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What Happens to Intellectual Property in a Divorce?

Wed 17th Jan, 2024 Family Law

California is a community property state. What this means is that property that is part of the marital estate — generally, property acquired by either spouse during marriage or purchased with money earned while married — is divided equally between the spouses upon divorce. The division of property after marriage is one of the most complex and often contentious elements of the divorce process, and can become particularly complicated when it involves intangible or difficult-to-value assets, such as intellectual property (IP). If you’re going through a divorce as an IP owner, a Stockton divorce attorney can help you protect your interests. 

Types of Intellectual Property 

Even though IP assets are intangible, they are considered property rights similar to property rights one would have in tangible real property or personal property. Generally, IP refers to the property rights associated with the output of a person’s mind. IP rights allow their owners to exclude others from using or selling the assets they cover and to license them to third parties for royalties or other fees. 

There are three major types of IP: 

  • Patents: Patents cover technological inventions, processes, and compositions of matter. For example, if you invent a new type of cleaning solvent that is an improvement over other cleaning solvents on the market, you may be entitled to a patent on it.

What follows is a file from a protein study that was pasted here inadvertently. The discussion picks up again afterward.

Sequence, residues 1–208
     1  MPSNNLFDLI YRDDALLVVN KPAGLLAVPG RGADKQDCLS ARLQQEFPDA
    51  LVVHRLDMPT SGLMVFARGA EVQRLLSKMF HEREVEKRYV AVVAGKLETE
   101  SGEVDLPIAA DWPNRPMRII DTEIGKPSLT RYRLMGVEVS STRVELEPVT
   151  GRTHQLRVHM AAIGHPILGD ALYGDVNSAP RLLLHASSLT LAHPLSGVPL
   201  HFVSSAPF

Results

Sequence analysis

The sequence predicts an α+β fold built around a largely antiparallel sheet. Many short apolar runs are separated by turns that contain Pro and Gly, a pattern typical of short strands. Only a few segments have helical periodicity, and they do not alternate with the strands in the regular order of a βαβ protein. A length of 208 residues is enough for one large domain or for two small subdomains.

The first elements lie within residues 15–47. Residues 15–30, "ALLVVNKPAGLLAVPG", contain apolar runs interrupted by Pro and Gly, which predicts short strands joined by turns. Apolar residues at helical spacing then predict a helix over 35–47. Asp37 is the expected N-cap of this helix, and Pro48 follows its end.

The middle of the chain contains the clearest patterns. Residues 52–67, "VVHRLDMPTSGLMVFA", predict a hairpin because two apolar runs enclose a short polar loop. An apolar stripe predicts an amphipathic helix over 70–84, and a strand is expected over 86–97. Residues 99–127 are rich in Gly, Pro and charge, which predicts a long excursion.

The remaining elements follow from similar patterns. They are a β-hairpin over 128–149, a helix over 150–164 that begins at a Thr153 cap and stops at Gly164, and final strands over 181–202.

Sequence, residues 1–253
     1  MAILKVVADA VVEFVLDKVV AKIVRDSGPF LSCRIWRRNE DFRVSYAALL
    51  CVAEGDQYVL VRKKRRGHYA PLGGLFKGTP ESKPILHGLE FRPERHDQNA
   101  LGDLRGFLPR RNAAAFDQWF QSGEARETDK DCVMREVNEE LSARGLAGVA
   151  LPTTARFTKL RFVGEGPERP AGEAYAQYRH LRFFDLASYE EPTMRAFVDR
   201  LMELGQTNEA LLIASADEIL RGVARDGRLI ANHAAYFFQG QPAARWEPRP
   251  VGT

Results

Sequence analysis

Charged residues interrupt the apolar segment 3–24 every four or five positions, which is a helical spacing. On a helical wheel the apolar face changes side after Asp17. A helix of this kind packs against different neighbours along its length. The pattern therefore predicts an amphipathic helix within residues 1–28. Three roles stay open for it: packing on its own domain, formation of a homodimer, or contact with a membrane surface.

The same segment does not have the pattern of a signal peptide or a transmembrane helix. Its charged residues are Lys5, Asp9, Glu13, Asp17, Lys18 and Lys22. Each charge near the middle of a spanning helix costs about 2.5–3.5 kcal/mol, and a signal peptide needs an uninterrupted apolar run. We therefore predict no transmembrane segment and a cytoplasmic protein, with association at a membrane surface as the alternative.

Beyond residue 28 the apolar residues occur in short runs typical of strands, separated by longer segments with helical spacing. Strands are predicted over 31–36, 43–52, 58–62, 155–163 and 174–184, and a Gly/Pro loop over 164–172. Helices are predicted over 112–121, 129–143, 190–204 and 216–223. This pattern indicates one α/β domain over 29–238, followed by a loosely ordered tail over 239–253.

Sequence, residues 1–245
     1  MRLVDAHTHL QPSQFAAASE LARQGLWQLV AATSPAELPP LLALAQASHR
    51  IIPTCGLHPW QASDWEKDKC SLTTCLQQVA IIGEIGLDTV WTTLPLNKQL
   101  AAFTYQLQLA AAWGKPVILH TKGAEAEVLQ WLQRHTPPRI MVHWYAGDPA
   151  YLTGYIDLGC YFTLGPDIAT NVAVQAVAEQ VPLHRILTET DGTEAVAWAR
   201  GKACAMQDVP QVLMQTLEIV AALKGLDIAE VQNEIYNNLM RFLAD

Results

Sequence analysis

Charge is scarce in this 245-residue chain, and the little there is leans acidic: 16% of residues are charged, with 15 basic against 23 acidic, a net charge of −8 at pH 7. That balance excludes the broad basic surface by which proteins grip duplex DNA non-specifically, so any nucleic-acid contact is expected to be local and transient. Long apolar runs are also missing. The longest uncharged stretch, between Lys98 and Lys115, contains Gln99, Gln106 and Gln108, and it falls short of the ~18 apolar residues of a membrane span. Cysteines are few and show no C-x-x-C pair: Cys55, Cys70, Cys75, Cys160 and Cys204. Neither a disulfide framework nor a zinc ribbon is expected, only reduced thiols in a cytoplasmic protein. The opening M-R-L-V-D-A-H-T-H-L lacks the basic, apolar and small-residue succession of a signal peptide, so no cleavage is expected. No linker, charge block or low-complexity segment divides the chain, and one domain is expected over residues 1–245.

• Trademarks: Trademarks are words, phrases, slogans, logos, jingles, or designs that identify a a product or service as being from a particular source and distinguish it from others. They are closely associated with the business that owns them and the products or services they sell.
  • Copyrights: Copyrights are the rights that creators of original works have to perform, copy, adapt, display, or sell their works. They generally apply to artistic creations like books, films, songs, plays, and dances. 

IP assets can be valuable sources of income for individuals and businesses. First, IP owners may license their IP to third parties in exchange for the payment of royalties. And second, if a third party uses the IP without the owner’s permission or a license, the owner can sue the third party for IP infringement. 

How Intellectual Property Is Divided in Divorce 

Disputes involving IP are more likely to arise in high asset divorces, divorces in which one or both spouses own a business, or in which one or both spouses are artistic creators. There are several ways to handle IP assets in a divorce. When dividing IP assets in divorce, courts typically require the parties to split the income (i.e. royalty payments and damages awards from infringement lawsuits) those IP assets generate. In some cases, one spouse may be able to buy out the other spouse’s interest in the asset. An effective strategy for handling property division of IP preemptively is to ensure that a prenuptial agreement includes provisions related to current or future IP assets.  

Protect Your Property Rights With Help From a Stockton Divorce Attorney

If you are an IP owner interested in preserving your property rights during divorce, you should speak to an experienced attorney. To get started, please contact a Stockton divorce attorney at McKinley, Conger, Jolley & Galarneau by using our online form or calling us at 209-477-8171.

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